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(Carey Hope/iStockphoto)
(Carey Hope/iStockphoto)


Beware the tax nightmare disguised as a gift Add to ...

There are countless things to keep in mind when you’re a small-business owner dealing with the Canada Revenue Agency (CRA). It explains why accountants and tax lawyers are usually so busy advising their clients about the perils of the Income Tax Act and the benefits of remaining on the right side of the CRA.

One of the many perils involves gifts that successful entrepreneurs or other business people might make to family members, say for a first house or a wedding, particularly if – at the time the gift was made – the entrepreneur was offside with the CRA and owed tax.

It is the recipient of the gift who may pay the real price.

Vancouver tax lawyer Jeff Glasner likes to explain the scenario and its ramifications in these terms: Let’s say “Mandy” is raised by her mother because her father abandoned them years before. Whether guilt made him do it or not, Mandy’s father “gifts” her $100,000 for a dream wedding. The problem is, at the time, her father and his unincorporated business owed the CRA money.

Years later, Mr. Glasner says, the ramifications could play out this way: Mandy is pregnant with baby No. 3, her husband has been laid off, and the small business she owns is struggling. A letter comes in the mail from the CRA saying Mandy is now responsible for $100,000 of her father’s tax debts.

Have a nice day.

Why? Her father’s small business was on the rocks when he made the gift, and he owed the CRA a lot of money when he paid for the wedding. It doesn’t matter that she wasn’t aware at the time. It doesn’t mater that she was raised by her mother and had little contact with her father.

Regardless of her knowledge, Mandy became jointly and severally responsible for her father’s tax liabilities the moment she received his gift. To collect on this liability, the CRA may put a lien against her home, garnish her pay cheques and/or freeze and empty her bank accounts.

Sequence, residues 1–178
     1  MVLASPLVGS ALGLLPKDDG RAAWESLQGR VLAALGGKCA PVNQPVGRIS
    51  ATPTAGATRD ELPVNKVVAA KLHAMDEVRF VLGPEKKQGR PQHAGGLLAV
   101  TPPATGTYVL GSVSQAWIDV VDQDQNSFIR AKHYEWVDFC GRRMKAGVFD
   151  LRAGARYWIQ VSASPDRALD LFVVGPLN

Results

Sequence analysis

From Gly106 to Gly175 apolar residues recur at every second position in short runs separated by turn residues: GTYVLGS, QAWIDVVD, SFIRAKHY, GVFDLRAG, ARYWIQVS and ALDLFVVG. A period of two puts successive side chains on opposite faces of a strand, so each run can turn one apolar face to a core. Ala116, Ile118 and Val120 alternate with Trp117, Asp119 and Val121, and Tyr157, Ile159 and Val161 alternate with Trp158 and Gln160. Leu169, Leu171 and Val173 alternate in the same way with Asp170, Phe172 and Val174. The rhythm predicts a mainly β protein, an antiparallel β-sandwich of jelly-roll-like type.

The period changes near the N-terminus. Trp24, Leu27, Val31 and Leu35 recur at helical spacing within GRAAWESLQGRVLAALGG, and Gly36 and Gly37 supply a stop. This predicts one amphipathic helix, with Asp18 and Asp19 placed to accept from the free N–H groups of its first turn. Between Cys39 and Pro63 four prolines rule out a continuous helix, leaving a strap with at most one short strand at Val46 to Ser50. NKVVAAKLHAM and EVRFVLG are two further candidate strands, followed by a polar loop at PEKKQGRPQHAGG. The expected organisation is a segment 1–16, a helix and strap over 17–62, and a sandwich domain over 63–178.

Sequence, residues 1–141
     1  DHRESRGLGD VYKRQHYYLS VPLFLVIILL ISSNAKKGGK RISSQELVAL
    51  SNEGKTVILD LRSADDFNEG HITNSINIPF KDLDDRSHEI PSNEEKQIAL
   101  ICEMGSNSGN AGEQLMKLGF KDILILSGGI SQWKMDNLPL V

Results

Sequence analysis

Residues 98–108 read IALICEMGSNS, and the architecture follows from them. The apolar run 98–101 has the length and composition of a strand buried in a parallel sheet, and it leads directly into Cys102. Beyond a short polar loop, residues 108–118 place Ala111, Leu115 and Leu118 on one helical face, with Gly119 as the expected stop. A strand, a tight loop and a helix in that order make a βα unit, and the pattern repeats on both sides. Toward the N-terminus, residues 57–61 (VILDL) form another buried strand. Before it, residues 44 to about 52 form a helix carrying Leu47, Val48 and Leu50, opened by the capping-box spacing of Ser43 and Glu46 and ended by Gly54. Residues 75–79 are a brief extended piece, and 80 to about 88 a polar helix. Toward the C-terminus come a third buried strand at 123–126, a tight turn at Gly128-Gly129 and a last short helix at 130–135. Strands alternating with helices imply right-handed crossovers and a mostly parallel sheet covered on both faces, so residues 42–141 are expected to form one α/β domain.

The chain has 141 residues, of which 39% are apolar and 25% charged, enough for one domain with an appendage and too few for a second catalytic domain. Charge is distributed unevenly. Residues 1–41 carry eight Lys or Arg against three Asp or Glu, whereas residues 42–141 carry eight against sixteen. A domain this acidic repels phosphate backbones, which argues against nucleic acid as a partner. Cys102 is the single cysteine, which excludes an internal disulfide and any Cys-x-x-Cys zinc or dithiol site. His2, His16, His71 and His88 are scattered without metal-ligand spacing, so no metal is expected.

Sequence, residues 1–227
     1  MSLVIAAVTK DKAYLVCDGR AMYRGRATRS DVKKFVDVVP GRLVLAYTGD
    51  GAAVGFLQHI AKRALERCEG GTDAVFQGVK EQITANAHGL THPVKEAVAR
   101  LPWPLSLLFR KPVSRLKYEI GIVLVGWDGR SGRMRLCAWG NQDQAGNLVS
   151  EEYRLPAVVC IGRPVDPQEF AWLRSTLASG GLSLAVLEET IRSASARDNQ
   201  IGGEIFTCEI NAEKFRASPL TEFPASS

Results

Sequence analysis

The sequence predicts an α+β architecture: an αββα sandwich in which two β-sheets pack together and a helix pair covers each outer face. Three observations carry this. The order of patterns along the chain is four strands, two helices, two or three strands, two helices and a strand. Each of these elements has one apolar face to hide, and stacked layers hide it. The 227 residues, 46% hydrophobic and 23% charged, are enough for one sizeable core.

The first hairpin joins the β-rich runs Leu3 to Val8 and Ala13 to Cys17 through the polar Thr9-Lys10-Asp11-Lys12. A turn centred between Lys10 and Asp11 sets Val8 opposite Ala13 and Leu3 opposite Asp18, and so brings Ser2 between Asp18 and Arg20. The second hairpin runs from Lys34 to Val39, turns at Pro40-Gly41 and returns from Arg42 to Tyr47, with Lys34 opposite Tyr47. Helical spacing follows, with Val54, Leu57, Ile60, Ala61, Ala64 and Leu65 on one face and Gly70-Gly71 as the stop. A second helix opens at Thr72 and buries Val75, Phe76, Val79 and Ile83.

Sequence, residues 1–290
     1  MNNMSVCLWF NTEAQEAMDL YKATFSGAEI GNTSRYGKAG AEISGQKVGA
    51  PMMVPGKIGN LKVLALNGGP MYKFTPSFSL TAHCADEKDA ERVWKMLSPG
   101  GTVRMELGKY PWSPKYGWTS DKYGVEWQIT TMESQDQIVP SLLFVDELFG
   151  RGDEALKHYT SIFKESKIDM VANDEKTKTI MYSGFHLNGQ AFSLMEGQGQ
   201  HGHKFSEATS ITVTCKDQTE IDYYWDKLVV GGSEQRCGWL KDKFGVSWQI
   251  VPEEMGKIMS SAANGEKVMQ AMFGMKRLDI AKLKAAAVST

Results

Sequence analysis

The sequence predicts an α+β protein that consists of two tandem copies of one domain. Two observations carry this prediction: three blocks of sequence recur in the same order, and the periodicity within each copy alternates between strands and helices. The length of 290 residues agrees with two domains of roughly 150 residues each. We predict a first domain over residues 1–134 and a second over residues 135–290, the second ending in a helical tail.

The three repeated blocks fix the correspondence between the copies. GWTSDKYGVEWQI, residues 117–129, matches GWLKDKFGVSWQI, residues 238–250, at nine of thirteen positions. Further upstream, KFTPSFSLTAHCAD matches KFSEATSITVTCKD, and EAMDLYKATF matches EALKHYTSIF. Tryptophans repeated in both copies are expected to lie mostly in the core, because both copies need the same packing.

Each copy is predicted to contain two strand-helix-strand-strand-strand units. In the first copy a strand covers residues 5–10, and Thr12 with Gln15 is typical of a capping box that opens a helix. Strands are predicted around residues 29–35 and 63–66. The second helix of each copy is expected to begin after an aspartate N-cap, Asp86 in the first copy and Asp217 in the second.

Section 160 of the Income Tax Act says that upon receiving a gift, a person becomes liable for the tax debts of the related gift giver to the lesser of the amount of the giver’s tax debt and the amount of the gift. Mr. Glasner says there are three primary defences used to argue against an assessment under Section 160. First, Mandy’s father didn’t actually owe the taxes. Second, he owed Mandy money when he gave her the gift, meaning his “gift” was not a gift at all, but a repayment. And third, the gift was not worth as much as the CRA says it was.

Mr. Glasner says there are many activities that small-business owners can get involved in to trigger potential exposure under Section 160. These include but are in no way limited to situations where:

• The tax-debtor husband takes his name off the title of the house he owns jointly with his wife.

• The tax-debtor wife makes mortgage payments on the family home that is solely in the husband’s name.

• The tax-debtor corporation pays a dividend to an individual who on his or her own (or combined with relatives), has a controlling position in the corporation.

Mr. Glasner says these kinds of assessments are very common as the CRA is under increasing pressure to collect unpaid tax debts. As well, there is no time limit to the CRA’s ability to instigate a Section 160 assessment, so an individual may never have the comfort of feeling totally in the clear about a transfer from a family member, even if it happened a long time ago.

Mr. Glasner suggests that when the hypothetical Mandy got the letter in the mail from the CRA, she should have sought professional advice as soon as possible. This could have at least bought her some time as the process allows a short period for defences to be presented prior to any formal assessments. Mr. Glasner says it’s often during this “pre-assessment” stage that a tax lawyer is in the best position to make the matter go away.

In any event, the possibility of receiving a letter in the mail under Section 160 should be a wake-up call to small business owners who want to give gifts to family members when they have outstanding tax liabilities.

It’s also a wake-up call to recipients when a gift might not be a gift at all, but a tax nightmare.

Tony Wilson is a franchising, licensing and intellectual property lawyer at Boughton Law Corp. in Vancouver, he is an adjunct professor at Simon Fraser University (SFU), and he is the author of two books: Manage Your Online Reputation, and Buying a Franchise in Canada. His opinions do not reflect those of the Law Society of British Columbia, SFU or any other organization.

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